Individuals may want to consider several factors when deciding whether to submit a DACA renewal application more than 150 days in advance, including how early they would be applying to renew, the availability of renewal fees, and whether anything has changed since the last time they applied for DACA. It may be good to consider the possible outcomes of filing an early DACA renewal application under the court decision, as well, including (but not limited to): that the renewal could be rejected and take several weeks to be returned; that the application could be accepted but not prioritized for adjudication; that there could be an adverse court decision after the application is submitted but before it is approved and the filing fee is lost; that there could be a court decision that grandfathers cases already filed under the district court decision; or that the case could be accepted and approved before the court makes a decision.
Alternative Forms of Relief for Former DACA Recipients, and Ways That Colleges and Universities Can Protect “Dreamers”
As DACA’s expiration date approaches, it becomes paramount to remember that there may be other potential forms of relief available to undocumented immigrants. For example, some DACA recipients or other undocumented individuals may be eligible for lawful permanent residence through a qualifying U.S. citizen or Lawful Permanent Resident family member or possibly through employer sponsorship. Additionally, there may be options for lawful status or permanent residence for individuals who have been subjected to battery or extreme cruelty by a U.S. citizen or permanent resident family member – through the Violence Against Women Act – or for neglected or abused children – via Special Immigrant Juvenile Status. Depending on conditions in the individual’s home country, he or she may have a basis to apply for asylum in the United States.
There are, of course, limitations on the ability to protect the undocumented from the immigration consequences of their lack of status. Absent an available legal remedy, if a student is detained by immigration authorities, a school has few options to shield the student from such detention. Similarly, if ICE presents a warrant for a student’s information, including their immigration status, an institution is legally obligated to comply with the request.
Short of filing for another form of immigration status or benefit for an undocumented individual, there are numerous additional ways in which schools, colleges and universities can protect or assist DACA students. Many of the available methods of assistance fall under the umbrella of “sanctuary” policies. “Sanctuary” in this context does not, as many may believe, refer to the harboring of undocumented immigrants and physically hiding them from immigration authorities. Rather, it consists of a host of policies that a college, municipality, or other entity may adopt to protect members who are undocumented.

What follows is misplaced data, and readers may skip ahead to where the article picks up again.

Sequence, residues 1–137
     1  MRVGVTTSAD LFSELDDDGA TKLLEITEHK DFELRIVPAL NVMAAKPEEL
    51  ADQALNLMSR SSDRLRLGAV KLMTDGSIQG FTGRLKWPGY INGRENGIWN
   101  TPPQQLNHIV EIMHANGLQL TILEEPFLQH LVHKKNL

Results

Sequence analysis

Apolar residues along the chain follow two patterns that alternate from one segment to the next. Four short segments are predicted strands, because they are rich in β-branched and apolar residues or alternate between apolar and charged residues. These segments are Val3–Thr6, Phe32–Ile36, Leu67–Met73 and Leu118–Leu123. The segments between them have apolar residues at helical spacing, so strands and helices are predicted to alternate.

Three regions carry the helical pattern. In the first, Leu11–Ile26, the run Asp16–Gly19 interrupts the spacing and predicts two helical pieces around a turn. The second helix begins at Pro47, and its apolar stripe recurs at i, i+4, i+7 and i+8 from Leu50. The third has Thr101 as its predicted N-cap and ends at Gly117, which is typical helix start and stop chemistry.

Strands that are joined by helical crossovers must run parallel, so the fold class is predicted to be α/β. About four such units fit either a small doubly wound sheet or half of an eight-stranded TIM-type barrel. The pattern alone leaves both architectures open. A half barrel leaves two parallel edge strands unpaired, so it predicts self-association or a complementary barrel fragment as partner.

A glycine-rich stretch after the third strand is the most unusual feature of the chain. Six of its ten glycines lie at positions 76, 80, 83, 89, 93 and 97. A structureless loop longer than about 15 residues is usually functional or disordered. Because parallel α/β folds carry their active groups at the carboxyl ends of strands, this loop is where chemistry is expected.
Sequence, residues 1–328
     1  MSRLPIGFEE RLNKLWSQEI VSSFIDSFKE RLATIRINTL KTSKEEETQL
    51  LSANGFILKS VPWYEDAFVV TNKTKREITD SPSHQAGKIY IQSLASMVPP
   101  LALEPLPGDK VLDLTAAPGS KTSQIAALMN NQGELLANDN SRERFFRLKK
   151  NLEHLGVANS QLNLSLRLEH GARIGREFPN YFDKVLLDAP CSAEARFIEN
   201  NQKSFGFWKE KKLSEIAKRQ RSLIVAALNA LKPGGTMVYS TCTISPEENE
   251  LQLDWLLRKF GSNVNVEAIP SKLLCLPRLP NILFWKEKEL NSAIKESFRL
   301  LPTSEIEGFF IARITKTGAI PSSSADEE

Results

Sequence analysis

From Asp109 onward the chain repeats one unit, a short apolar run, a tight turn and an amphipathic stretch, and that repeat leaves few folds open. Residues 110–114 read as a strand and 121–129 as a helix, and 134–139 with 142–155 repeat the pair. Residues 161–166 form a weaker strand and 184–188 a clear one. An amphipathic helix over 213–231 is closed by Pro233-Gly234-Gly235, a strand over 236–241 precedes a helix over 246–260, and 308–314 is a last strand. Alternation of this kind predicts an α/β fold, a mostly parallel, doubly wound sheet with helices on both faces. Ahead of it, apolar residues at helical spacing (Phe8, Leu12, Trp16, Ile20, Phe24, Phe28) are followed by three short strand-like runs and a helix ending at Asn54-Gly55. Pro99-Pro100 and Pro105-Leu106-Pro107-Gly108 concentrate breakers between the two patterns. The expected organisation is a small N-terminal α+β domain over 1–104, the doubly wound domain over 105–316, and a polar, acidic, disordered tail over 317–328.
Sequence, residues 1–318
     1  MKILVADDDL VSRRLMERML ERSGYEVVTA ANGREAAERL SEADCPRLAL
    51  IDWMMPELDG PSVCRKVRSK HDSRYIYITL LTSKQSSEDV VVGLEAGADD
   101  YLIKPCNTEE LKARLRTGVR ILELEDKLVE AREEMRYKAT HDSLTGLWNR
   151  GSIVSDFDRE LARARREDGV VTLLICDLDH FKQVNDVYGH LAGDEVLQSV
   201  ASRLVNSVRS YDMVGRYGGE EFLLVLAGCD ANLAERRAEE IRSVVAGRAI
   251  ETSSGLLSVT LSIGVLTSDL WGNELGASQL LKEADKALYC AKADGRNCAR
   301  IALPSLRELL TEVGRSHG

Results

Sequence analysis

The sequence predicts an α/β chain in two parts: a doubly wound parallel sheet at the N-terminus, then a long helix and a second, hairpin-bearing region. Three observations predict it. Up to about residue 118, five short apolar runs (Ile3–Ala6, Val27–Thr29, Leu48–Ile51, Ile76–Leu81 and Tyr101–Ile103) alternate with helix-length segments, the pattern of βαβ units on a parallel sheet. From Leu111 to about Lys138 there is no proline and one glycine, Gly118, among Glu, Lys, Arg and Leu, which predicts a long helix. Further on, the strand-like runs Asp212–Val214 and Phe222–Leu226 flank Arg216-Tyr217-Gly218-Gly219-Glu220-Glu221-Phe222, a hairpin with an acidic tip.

While such entities cannot actively interfere with government agencies in the carrying out of their duties and the enforcement of federal immigration laws, they can, for example, implement policies to withhold the immigration status of a particular individual unless required by a warrant to turn over such information. Similarly, college and university campuses may bar immigration officers from entering campus without a warrant – though there may be limitations on this ability in the context of public universities.
Colleges and universities may also choose to support their undocumented populations by providing free or subsidized legal consultations or services to their students on immigration matters, or by extending resident tuition rates to undocumented applicants/students. While state government cannot act to legalize the status of any undocumented immigrants, as immigration falls solely within the jurisdiction of the federal government, states can deal with other issues of importance to undocumented individuals, such as tuition policies for state universities. Such financial assistance will likely become increasingly important for former DACA recipients who are ineligible for any federally funded student financial aid, including loans, grants, scholarships, or work-study, and who, if DACA is ultimately phased out, will lose their lawful ability to work and earn an income in the U.S.
In light of the current political climate, and threat of the DACA program ending permanently, it is highly encouraged that if you are a DACA recipient up for renewal, you submit your renewal application as soon as possible. If you have questions regarding the DACA program, your eligibility, or how to otherwise protect your status, contact one of Whiteman Osterman & Hanna’s expert immigration attorneys today.
Immigration Practice Group Leonard J. D’Arrigo Seth R. Leech
Whiteman Osterman & Hanna LLP (518) 487-7642 (518) 487-7760
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Albany, NY 12260
Tel: (518) 487-7600 Brendan J. Venter Leslie K.L. Thiele
Fax: (518) 487-7777 (518) 487-7611 (518) 487-7636